BANGKOK, May 21 (Reporting ASEAN) – As Myanmar’s government approaches its first 100 days in power, its de facto leader, Aung San Suu Kyi, finds her hands full dealing with a maze of difficult legacy issues while managing sky-high expectations in the country.
Suu Kyi’s next steps are being keenly watched for signs of the direction she is setting for the resource-rich country of 51.5 million people, after her National League for Democracy (NLD) party won a landslide victory in November 2015.
“Myanmar has come a spectacularly long way but it is not out of the woods,” said Ake Tangsupvattana, dean of Chulalongkorn University’s Faculty of Political Science, at a forum held this week on “Myanmar’s New Era: Problems and Prospects” in the Thai capital.
Until more recent years, Myanmar was often labelled the ‘sick guy’ of the region and regarded as an international pariah. The military, known as the Tatmadaw, failed to recognise the results of the 1990 democratic election that NLD won and placed Suu Kyi under house arrest for 15 years, in the process making her a global democracy icon.
Reforms began in 2011, after the military installed a civilian government led by retired general Thein Sein. However, for many, the true litmus test for greater liberties was in the 2015 elections, when the army recognised the mandate of a people who had overwhelmingly voted for change.
While seeing the immense potential for change given the NLD’s clear mandate for change, experts also see some worrisome signs ahead in Myanmar’s political scene.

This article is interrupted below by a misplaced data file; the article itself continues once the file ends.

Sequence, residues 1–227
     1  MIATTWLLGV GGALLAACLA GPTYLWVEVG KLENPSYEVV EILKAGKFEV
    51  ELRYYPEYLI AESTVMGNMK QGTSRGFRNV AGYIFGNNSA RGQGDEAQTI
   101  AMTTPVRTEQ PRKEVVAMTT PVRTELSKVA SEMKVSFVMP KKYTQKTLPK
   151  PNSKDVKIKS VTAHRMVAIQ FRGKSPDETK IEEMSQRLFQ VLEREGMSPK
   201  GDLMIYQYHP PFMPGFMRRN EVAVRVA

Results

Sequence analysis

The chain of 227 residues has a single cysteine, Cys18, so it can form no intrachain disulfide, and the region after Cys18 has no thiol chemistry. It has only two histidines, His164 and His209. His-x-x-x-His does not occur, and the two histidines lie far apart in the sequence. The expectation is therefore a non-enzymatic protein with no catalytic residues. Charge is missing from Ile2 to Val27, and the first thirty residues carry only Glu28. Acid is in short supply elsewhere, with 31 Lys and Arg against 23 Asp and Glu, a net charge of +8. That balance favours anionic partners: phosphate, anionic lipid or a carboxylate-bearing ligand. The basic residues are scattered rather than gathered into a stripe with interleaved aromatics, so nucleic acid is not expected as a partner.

Some have said the Suu Kyi-led government could be heading for a “democratic dictatorship” after the newly-elected parliament created the role of state counsellor for her, a position that effectively gives her power “above the president” – figurehead leader and longtime ally Htin Kyaw. Suu Kyi is constitutionally barred from holding the top office as her sons are British nationals.
Despite opposition from military members of parliament, who branded the move unconstitutional and boycotted the vote, the bill was passed easily due to the NLD’s majority in both the upper and lower houses of the legislature.
“One of the early worrying signs is that there is a tendency to re-concentrate power right at the top”, which is a throwback to the Tatmadaw’s political and governance culture when it ruled the country, warned Richard Horsey, Myanmar analyst for the International Crisis Group at the May 16 forum.
Suu Kyi holds two portfolios, foreign affairs and state counsellor’s office, after relinquishing two others – education and energy and electric power – she previously held.
Arguing for the need for some checks and balances, Gwen Robinson, senior fellow at Thailand’s Institute of Security and International Studies (ISIS), added: “It’s quite important that there should be some focus on rebuilding a viable opposition because what we have is a one-party state in effect.”
Speakers at the ISIS forum expressed concern about the efficacy of the new government given the suitability, experience and competencies of Cabinet members, who they said had been chosen mainly for their loyalty to Suu Kyi and not their experience and skills.
The learning curve for governance is steep for the NLD, a party created primarily as opposition to the-then military regime and for promoting human rights. Already, it has attracted unwanted attention from media reports detailing the fake PhDs of two ministers in key economic portfolios.
“It’s clear that it’s a cabinet of loyalty, not a cabinet of talents. These are people who have been picked primarily for their loyalty to the NLD and Aung San Suu Kyi, rather than an attempt to bring in all the technocratic experience that would be available,” reasoned Horsey.
TIES WITH THE MILITARY